Trump trans military ban

A Second U.S. Federal Court Has Blocked Trump’s Trans Military Ban, But for a Surprising Reason

The Trump trans military ban issued via Twitter in July 2017 was always based on flimsy reasoning: The U.S. President consulted no currently serving military officials about it and lied about the military not being able to absorb the cost of trans healthcare (even though the military spends five times more money on Viagra). Two weeks before Trump issued his official memo instating the ban in late August, two LGBTQ organizations filed lawsuits against it. Near the end of last month, a U.S. court blocked the ban from going into effect because the judge found that Trump’s reasoning made no sense. And just yesterday a second federal court did the same but for a different reason.

 

Why the court blocked the Trump trans military ban

In a 53-page decision issued by U.S. District Judge Marvin Garbis yesterday, he said that the policy (which is set to take effect in March 2018) violates both the U.S. Constitution’s equal protection clause and the guaranteed rights of service members to recieve medical care.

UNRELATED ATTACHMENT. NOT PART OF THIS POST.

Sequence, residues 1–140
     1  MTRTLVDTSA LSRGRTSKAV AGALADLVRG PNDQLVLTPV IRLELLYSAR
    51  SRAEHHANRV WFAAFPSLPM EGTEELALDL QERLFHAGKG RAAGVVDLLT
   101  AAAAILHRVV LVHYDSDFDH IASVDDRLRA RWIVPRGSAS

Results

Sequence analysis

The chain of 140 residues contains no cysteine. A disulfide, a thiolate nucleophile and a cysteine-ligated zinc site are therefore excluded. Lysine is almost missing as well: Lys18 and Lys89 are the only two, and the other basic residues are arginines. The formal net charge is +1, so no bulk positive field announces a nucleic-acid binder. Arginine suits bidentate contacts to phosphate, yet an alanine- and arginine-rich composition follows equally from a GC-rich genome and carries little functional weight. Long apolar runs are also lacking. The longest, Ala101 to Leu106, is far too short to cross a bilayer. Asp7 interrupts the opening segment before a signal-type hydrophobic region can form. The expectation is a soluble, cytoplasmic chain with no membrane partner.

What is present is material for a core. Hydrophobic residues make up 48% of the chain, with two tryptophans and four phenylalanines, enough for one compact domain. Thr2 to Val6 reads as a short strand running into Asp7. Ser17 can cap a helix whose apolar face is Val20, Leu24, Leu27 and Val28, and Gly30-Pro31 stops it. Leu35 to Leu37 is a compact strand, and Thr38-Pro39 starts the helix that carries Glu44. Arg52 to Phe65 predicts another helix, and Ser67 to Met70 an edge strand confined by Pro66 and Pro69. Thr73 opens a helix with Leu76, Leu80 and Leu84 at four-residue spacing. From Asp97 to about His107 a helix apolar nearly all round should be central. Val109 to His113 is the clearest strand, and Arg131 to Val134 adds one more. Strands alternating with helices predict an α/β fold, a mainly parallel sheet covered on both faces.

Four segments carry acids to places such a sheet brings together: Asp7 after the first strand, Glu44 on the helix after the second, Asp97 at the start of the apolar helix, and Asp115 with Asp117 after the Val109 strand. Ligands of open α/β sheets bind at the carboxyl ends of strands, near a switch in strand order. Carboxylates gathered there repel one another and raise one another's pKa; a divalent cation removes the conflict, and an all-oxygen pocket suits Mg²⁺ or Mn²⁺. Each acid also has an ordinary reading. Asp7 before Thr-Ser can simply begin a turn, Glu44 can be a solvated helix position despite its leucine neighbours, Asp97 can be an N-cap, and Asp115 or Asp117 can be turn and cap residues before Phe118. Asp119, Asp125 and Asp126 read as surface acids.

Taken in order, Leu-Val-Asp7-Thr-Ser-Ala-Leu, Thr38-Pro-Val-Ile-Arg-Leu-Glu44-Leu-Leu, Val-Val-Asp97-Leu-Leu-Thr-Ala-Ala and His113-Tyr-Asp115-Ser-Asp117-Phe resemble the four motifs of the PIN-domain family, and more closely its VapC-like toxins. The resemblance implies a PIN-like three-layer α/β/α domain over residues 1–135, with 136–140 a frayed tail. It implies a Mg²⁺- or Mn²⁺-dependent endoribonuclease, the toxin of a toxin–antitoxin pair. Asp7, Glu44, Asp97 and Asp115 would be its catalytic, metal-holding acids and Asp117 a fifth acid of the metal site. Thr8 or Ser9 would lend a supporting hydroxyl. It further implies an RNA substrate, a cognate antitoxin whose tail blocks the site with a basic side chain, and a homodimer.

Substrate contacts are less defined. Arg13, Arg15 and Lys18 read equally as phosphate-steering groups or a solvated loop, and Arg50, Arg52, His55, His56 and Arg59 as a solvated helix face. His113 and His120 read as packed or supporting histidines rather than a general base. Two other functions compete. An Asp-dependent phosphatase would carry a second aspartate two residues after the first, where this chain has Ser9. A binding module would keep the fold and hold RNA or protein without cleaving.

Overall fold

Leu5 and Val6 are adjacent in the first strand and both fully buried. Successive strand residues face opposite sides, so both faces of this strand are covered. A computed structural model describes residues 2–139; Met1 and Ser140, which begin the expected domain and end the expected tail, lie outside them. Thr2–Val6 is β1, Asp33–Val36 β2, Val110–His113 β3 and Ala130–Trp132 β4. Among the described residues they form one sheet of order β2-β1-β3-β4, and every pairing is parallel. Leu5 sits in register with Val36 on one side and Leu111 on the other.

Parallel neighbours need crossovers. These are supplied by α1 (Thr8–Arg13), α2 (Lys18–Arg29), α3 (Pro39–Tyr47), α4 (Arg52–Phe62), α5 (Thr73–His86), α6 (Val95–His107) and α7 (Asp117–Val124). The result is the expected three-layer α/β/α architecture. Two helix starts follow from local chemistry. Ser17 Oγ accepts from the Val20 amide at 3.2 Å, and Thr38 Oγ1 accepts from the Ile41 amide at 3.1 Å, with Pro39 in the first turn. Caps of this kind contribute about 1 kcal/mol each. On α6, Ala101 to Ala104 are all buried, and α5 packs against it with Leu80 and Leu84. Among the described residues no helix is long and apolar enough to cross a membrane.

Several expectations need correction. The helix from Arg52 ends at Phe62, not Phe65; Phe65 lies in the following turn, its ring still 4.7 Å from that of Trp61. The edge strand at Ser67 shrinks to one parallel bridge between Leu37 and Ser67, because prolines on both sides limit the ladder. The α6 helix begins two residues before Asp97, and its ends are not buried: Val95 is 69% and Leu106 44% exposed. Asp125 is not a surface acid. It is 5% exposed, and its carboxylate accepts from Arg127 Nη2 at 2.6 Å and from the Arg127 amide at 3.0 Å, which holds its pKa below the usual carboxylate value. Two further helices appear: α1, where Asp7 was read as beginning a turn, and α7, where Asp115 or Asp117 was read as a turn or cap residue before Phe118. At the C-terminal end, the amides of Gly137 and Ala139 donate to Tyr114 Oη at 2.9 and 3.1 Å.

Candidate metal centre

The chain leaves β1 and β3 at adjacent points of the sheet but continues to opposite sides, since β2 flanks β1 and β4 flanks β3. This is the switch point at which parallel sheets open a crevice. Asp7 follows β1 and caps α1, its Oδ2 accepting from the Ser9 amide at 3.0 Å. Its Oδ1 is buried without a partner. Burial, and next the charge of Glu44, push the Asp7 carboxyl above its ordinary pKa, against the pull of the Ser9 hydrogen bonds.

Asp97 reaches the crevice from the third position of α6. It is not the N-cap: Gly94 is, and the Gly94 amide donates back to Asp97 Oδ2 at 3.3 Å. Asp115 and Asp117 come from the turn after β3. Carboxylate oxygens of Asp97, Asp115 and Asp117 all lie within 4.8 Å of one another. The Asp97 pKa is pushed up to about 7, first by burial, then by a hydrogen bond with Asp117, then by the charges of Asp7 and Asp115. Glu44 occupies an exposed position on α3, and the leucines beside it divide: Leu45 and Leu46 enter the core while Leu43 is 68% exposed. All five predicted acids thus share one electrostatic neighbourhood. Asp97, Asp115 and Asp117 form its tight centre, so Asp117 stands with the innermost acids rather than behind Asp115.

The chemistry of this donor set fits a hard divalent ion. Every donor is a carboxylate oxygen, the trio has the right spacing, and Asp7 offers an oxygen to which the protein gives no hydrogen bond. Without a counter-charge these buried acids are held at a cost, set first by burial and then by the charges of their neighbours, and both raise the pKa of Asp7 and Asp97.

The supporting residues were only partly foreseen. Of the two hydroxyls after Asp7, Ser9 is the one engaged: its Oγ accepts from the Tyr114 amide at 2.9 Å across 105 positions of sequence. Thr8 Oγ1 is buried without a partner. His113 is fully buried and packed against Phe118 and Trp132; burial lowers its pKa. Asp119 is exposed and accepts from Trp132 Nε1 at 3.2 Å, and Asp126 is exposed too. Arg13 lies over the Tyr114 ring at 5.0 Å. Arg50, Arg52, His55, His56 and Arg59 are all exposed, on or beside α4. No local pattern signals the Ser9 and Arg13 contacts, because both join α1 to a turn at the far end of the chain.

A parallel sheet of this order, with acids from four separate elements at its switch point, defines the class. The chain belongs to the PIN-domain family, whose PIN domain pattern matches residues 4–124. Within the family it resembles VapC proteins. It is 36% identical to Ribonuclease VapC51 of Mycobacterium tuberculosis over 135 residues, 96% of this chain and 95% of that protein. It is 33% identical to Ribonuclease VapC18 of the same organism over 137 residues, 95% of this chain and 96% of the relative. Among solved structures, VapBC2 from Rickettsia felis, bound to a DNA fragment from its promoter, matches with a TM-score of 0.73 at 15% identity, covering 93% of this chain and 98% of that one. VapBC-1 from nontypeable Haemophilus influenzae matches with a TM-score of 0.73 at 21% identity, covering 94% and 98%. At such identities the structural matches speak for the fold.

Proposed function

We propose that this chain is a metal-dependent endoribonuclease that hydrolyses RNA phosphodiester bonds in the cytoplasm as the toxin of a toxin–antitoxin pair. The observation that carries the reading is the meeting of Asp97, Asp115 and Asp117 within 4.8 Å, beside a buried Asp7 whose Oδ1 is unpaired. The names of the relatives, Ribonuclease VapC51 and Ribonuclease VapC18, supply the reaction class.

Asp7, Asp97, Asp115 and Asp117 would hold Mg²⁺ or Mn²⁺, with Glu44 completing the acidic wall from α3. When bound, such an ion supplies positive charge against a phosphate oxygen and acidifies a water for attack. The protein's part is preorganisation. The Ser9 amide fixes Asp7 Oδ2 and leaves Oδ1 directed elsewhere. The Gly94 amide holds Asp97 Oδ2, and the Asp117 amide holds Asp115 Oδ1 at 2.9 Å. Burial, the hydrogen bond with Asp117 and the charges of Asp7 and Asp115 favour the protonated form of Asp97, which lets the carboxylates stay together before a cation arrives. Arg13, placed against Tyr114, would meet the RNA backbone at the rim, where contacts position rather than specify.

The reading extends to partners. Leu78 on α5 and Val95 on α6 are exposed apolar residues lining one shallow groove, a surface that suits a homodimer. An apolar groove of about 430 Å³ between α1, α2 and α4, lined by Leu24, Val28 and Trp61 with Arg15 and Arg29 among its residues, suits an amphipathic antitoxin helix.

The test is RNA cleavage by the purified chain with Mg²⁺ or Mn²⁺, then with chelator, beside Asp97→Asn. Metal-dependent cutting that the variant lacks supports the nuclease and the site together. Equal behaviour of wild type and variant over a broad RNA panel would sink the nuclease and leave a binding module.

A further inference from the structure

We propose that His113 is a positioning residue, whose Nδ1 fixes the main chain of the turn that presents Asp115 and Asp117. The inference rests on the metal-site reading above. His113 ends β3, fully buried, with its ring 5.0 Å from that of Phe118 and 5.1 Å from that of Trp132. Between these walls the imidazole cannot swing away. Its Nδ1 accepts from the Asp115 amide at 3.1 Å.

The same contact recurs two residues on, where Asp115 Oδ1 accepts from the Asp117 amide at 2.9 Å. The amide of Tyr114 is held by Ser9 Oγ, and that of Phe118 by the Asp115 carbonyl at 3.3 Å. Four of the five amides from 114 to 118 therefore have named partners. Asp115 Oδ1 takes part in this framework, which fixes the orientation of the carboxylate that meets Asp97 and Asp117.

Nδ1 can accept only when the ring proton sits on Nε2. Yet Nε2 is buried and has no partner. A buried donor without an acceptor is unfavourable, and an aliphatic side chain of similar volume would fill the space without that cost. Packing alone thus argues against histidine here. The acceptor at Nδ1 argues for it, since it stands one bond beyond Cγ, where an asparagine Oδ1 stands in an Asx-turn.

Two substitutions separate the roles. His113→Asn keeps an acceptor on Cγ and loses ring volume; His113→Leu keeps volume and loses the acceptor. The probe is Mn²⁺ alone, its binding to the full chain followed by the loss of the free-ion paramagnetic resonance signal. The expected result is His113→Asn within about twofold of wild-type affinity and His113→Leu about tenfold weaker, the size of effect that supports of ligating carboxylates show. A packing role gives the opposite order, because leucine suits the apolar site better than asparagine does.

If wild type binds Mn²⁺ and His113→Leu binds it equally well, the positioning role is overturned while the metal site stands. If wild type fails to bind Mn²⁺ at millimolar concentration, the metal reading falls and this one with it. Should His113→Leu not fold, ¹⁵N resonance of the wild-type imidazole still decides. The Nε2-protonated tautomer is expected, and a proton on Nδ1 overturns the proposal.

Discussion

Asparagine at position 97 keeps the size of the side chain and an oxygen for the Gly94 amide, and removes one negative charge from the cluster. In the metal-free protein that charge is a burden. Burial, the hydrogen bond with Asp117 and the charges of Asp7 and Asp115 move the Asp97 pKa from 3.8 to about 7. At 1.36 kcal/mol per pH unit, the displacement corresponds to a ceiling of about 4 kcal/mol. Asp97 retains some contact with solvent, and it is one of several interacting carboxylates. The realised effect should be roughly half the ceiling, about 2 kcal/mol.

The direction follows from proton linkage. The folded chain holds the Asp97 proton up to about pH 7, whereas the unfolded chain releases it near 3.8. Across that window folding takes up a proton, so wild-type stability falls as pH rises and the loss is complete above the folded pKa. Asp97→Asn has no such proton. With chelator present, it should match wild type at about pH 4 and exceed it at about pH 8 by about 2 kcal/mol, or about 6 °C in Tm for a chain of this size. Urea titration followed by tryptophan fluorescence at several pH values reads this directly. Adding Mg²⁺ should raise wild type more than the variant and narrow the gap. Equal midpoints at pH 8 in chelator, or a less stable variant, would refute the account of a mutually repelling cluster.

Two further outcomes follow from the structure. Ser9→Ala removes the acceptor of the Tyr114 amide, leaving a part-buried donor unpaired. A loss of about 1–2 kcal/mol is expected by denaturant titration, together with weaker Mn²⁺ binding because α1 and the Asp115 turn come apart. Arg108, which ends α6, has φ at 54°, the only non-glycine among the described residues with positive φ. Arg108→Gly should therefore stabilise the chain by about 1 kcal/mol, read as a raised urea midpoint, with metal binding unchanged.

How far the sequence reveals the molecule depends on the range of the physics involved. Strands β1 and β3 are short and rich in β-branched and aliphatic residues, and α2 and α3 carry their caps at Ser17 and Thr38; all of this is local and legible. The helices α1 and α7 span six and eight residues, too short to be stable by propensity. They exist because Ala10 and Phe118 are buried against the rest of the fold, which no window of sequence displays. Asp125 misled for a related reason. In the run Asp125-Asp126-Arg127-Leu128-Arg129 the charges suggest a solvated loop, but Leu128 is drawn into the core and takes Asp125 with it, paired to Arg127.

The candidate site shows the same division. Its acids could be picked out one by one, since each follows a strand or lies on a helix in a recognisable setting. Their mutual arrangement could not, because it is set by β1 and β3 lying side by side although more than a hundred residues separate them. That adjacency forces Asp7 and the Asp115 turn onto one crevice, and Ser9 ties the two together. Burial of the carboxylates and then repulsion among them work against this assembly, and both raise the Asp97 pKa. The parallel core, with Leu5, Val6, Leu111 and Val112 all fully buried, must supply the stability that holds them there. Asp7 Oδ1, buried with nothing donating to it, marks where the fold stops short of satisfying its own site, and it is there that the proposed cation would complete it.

According to The Washington Post, Garbis said that “transgender people serving in the military have ‘demonstrated that they are already suffering harmful consequences’ due to Trump’s policy,'” and Garbis issued a injunction that not only stops the ban from going into effect, but also prevents the administration from denying funding for trans soldiers’ transition-related surgical care.

The U.S. Justice Department lawyers had asked Garbis’ to dismiss the lawsuit against the ban because the ban is on hold pending a Defense Department review, meaning that the military isn’t currently discharging active-duty trans service members nor is it denying them transition-related medical care.

 

The court ruled that the Trump trans military ban is already harming soldiers

However, Garbis wrote that trans military members have already suffered harm from the policy because of:

the cancellation and postponements of surgeries, the stigma of being set apart as inherently unfit, facing the prospect of discharge and inability to commission as an officer, the inability to move forward with long-term medical plans, and the threat to their prospects of obtaining long-term assignments.

An estimated 1,320 to 15,000 transgender individuals are already actively serving in the military. Trans healthcare costs the military between $2.4 million and $8.4 million annually. Comparatively, the military spends $41.6 million annually on the erectile dysfunction medication Viagra and Trump’s visits to play golf at his private Palm Beach club at Mar-A-Lago cost U.S. taxpayers $1 million a day.